The article on "Testimony" in the LDS doctrinal guide True to the Faith (TTTF) is a nice supplement to my earlier post on this topic (see also this thoughtful response by Geoff). The article defines testimony as "a spiritual witness given by the Holy Ghost," which "usually comes as a quiet assurance, without spectacular displays of God’s power." I think that understates the power of the Mormon method, which seems capable of developing a testimony without any display of God's power!
According to the article, as a Mormon you have the "opportunity and responsibility" to get a testimony, and a "duty" to keep it. In fact, your "happiness in this life and throughout eternity" depends on it. The results can be "miraculous and life-changing." So you can imagine how disappointed your fellow believers will be if you are so foolish as to maintain the position "I believe, but I'm not really comfortable saying I know." They drum that nonsense out of you at the MTC: You're asking people to change their lives and make a big commitment, Elder. They want to hear that you really know, not just believe. Of course you know; why else would you be here serving a mission? Just say you know, and over time that knowledge will come to you. That's right out of the TTTF article: "Your testimony will increase as you share it."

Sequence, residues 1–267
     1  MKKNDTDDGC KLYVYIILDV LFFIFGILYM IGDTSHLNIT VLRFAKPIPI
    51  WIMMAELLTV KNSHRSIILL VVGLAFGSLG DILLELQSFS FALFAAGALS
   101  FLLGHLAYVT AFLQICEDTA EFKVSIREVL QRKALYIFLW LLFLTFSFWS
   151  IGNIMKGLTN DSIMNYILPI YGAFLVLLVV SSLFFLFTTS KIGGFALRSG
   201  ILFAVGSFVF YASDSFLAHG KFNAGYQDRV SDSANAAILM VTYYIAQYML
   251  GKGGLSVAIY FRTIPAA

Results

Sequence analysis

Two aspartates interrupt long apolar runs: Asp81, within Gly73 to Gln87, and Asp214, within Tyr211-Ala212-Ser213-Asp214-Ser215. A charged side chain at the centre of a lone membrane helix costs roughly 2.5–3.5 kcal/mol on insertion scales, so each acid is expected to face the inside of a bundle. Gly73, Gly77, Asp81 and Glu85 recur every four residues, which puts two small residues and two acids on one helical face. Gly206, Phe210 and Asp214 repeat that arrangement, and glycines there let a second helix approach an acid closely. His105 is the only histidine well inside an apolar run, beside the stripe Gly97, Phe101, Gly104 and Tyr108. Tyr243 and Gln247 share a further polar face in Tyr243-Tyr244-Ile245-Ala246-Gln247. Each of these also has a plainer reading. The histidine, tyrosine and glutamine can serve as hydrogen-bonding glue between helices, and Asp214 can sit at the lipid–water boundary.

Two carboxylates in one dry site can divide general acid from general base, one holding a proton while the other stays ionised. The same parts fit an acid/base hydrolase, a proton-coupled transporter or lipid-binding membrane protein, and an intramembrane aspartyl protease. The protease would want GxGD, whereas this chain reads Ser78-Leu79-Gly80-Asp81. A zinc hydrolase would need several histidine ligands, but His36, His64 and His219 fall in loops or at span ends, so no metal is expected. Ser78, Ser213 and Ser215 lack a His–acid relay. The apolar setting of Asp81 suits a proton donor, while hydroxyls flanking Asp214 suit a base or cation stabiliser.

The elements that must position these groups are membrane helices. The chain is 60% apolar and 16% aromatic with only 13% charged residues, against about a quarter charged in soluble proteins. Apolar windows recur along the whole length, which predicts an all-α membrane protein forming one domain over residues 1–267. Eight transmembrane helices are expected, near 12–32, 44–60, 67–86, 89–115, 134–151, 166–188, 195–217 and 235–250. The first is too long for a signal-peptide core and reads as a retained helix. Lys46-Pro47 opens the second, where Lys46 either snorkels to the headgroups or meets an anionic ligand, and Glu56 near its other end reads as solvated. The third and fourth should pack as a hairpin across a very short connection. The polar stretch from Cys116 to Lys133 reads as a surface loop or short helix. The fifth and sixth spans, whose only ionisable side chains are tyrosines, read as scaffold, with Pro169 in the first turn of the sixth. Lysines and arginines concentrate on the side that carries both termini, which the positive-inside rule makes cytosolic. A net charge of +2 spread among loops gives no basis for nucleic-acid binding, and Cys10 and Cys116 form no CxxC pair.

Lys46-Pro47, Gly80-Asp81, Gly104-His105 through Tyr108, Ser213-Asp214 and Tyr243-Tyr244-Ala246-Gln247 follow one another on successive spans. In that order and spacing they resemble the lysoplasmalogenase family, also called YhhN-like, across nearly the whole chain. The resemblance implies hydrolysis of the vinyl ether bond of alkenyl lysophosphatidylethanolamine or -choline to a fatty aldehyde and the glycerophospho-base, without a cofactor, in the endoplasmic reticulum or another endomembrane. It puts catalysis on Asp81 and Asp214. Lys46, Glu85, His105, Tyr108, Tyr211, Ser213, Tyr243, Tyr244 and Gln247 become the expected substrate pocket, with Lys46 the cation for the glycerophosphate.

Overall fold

I don't object to the notion that faith is a gift from God that some have in greater proportion than others, or that faith is an amalgam of hope and experience. I just object to the cavalier but mandatory use of the terms "knowledge" and "knowing" to describe the LDS mindset. At the least, it's fair to maintain that "spiritual knowledge" is of a different sort than the fact that three angles of a triangle sum to 180 degrees or that it rains more in Seattle than in Phoenix (respectively, examples of deductive and empirical knowledge).
Reading through the TTTF article, it almost sounds like they are describing commitment rather than testimony: No one receives a complete testimony all at once. Your testimony will grow stronger through your experience. It will expand as you show your willingness to serve in the Church, wherever you are called. It will increase as you make decisions to keep the commandments. ... Your testimony will increase as you share it.
No doubt some readers have a different conception of spiritual knowledge. Let's hear it.